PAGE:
Java king Chandrabhanu invaded the Jaffna kingdom in 1255, defeated Kalinga Magha and ascended the throne as the second king of the Jaffna dynasty. He attacked Dambadeniya in 1258 AD which was ruled by Parakramabahu II (1236-1270 AD) but was repelled with the help of Pandyans who had developed a cordial relationship with him (Parakramabahu II). Pandyans allowed Chandrabhanu to continue his rule of the Jaffna Kingdom as he agreed to be a tributary to them. 

Chandrabhanu did not give up his ambition to capture and rule the entire island. He recruited an army from Pandya Nadu and Chola Nadu and attacked Dambadeniya a second time. Parakramabahu II appealed to the Pandyan monarch for help. The Pandyan king Virapandya invaded Jaffna, defeated Chandrabhanu and raised his son Tambralinga to the throne. He did so because he did not want to give Jaffna to the Sinhala king. Tambralinga followed the example of his father and attacked Dambadeniya. The Pandyan King sent an army headed by his general Kulasekaran who defeated Tambralinga 1262. Again, the Pandyan king decided not to hand Jaffna to the Sinhalese and installed Kulasekaran as the King of Jaffna. The seven years the Java kings ruled are taken together and Chandrabhanu is considered the second king of the Jaffna dynasty.

Kulasekaran took the throne name Pararajasekeran and the title Ariyachakravarthi. He was the third king of the Jaffna dynasty. He ruled from 1262 to 1284.

He was succeeded by his son Kulothungan Singhai Ariyachakravarthi. He took the throne name Segarajasekeran, the throne name of Kalinga Magha. He ruled for eight years, 1282- 1292. He repelled an invasion by Yapahuva king Bhuvanekabahu who tried to seize the pearl fishery in Mannar.

Rameswaram temple patronized by the Jaffna Kings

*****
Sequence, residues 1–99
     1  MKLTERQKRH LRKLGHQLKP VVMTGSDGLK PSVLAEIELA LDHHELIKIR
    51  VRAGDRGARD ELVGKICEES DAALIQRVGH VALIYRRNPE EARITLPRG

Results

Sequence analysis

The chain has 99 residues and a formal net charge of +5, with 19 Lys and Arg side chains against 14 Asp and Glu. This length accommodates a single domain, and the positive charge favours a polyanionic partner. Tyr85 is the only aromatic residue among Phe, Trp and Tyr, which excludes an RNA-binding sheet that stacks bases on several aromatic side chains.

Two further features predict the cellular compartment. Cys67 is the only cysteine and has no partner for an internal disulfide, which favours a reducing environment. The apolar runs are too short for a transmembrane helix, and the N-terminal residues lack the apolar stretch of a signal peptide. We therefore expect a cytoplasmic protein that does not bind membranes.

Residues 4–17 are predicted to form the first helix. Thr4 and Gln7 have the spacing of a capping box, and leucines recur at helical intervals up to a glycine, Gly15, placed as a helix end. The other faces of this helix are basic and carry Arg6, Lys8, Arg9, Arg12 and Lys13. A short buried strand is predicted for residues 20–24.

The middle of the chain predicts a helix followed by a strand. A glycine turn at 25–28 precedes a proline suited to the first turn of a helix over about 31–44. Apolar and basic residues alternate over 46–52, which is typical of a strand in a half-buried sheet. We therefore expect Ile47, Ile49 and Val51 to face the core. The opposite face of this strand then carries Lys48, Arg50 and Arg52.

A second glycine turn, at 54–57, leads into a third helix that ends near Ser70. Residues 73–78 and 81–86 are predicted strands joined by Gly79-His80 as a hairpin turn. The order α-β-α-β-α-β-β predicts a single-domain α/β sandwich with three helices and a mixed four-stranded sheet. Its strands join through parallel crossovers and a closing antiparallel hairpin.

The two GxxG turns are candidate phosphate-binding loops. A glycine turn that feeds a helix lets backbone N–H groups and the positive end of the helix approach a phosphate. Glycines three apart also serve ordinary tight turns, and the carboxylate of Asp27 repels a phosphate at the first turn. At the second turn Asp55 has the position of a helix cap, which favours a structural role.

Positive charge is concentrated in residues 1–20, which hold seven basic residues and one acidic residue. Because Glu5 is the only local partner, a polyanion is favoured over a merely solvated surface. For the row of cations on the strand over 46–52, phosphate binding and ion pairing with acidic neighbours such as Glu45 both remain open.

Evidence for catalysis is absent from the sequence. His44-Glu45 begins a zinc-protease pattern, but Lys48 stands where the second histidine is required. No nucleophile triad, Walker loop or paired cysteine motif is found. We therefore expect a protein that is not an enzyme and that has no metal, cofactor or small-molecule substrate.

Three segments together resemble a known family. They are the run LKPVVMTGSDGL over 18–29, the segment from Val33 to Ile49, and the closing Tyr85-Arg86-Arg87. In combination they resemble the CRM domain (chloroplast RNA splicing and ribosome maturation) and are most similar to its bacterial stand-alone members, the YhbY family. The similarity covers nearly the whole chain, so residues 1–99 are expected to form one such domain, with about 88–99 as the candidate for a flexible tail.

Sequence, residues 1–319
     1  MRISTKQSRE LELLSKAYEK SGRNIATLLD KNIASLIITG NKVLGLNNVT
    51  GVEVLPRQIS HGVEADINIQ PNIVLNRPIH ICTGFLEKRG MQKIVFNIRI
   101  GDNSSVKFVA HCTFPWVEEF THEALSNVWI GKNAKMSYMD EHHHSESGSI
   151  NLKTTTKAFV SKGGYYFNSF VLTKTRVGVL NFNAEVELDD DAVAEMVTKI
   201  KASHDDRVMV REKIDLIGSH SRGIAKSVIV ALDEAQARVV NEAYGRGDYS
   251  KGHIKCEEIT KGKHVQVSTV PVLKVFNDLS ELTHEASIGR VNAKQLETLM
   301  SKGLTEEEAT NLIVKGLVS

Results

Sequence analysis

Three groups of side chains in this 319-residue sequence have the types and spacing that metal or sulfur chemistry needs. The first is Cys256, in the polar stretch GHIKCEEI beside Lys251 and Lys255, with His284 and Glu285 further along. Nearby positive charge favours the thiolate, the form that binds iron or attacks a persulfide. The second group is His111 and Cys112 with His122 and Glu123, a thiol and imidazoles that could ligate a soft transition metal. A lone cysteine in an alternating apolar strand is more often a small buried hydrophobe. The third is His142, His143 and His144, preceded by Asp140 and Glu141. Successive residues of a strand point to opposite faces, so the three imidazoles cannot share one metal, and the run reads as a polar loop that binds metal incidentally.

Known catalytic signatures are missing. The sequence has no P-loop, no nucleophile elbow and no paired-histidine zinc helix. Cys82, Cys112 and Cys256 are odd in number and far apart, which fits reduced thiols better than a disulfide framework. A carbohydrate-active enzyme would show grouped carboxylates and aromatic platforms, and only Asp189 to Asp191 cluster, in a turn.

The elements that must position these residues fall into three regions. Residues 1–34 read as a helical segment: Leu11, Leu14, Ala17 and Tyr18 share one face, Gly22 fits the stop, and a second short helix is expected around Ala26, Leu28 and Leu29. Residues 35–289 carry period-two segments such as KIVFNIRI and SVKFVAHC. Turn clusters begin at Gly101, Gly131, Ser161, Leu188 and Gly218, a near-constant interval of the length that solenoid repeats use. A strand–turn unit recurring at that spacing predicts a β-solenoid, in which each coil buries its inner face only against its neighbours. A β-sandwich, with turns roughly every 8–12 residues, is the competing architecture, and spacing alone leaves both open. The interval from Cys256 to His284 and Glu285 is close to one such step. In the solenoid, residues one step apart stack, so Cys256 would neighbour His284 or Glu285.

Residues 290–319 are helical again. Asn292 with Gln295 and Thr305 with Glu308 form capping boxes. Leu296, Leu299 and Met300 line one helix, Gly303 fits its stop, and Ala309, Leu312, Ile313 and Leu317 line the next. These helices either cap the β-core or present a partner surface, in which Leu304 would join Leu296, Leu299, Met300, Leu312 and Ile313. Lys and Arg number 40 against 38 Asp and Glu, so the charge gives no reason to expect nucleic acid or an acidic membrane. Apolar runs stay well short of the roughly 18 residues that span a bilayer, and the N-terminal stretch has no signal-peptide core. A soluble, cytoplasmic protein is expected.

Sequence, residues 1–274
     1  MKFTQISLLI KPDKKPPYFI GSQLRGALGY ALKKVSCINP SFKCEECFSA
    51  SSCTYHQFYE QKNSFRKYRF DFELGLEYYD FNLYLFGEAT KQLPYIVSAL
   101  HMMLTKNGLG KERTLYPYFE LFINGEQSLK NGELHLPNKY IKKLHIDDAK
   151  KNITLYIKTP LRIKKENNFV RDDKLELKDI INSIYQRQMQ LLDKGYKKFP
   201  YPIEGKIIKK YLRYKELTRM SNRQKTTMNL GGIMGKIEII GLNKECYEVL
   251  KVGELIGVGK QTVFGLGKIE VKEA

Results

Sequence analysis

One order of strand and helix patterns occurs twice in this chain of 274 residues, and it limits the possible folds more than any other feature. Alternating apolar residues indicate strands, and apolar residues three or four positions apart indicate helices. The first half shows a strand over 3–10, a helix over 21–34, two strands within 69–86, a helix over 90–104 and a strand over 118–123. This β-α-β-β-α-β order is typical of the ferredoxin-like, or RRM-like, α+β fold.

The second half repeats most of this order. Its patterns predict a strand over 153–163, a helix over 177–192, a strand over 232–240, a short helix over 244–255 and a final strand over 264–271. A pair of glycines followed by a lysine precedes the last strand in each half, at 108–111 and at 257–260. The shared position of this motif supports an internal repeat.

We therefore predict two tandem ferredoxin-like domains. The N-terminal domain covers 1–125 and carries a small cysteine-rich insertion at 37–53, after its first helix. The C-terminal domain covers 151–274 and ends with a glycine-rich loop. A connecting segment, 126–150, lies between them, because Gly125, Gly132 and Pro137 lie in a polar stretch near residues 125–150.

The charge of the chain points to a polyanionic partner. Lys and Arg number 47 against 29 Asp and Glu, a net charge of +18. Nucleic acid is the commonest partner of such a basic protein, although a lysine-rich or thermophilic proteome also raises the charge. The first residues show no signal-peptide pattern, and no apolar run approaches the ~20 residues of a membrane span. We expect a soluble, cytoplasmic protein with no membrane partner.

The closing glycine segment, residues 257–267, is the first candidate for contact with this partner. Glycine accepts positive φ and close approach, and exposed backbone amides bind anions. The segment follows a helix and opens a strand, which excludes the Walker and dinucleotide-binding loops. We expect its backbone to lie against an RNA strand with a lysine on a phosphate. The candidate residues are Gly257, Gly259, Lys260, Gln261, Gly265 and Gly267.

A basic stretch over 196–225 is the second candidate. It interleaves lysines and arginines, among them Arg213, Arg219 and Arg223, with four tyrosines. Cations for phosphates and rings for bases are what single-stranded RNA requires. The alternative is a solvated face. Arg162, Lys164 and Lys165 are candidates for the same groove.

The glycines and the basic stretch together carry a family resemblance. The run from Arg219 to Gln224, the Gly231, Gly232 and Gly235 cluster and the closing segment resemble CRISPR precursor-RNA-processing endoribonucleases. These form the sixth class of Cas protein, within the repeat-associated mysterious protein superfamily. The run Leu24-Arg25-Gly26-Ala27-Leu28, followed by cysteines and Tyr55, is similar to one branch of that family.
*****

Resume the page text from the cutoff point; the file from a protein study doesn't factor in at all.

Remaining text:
Rameswaram temple patronized by the Jaffna Kings

His son Vikrama succeeded him and ruled under the throne name Pararajasekeran II. He ruled for ten years, 1292-1302. Vickrama put down with a strong hand a riot by the Sinhalese living in Jaffna. Sinhalese rioted because they had lost the support they had received during the time Sinhala kings ruled the north. Vickrama arrested the leaders who fomented the disturbance, Punchi Banda and 16 others, and beheaded them, He jailed many others.

The credit for building strong institutions for the Tamil people should go to the first five rulers of the Jaffna Kingdom – Kalinga Magha, Chandrabhanu, Kulasekaran, Kulothungan and Vikrama – who ruled for the first 87 years, 1215-1302. During this period, they consolidated their regime by repelling invaders, quelling rebellions and controlling troublemakers; brought in stability and economic advancement by creating settlements and promoting agriculture, built a strong administrative and military base and created wealth through foreign trade. They also promoted Sri Lankan Tamil nationalism by encouraging religion, literature and culture.

Parallel to the emergence of the Kingdom of Jaffna independent chieftaincies, known as Vanniyars, emerged in the territory between the Sinhala and Tamil kingdoms. Most important of them were the chieftaincies of Vanni, Trincomalee and Batticaloa. The chieftaincy of Vanni was the most powerful and it continued to exist until 1802 AD when its ruler Bandara Vanniyan was captured by the British. 


As pointed out in the section on ‘Human Settlements’ in Chapter 1 archaeological evidence reveals that settlements existed in the Jaffna peninsula during the Early Iron Age. Indrapala, Prof. K. Pushparatnam (Head of the Department of History and Archaeology, Jaffna University) and Ragupathy (Lecturer, Jaffna University) have established that they belonged to the megalithic culture, which is undoubtedly a South Indian phenomenon of Iron Age.

Says Ragupathy, “Emerging in around 500 BC, the first settlers had a multifaceted subsistence of incipient farming, lagoon exploitation and cattle herding. They communicated in a language that can be termed proto-Dravidian, were non-Buddhists practicing a folk religion similar to that of the Sangam Tamil country and on the whole, were of a common stock of the protohistoric South India.”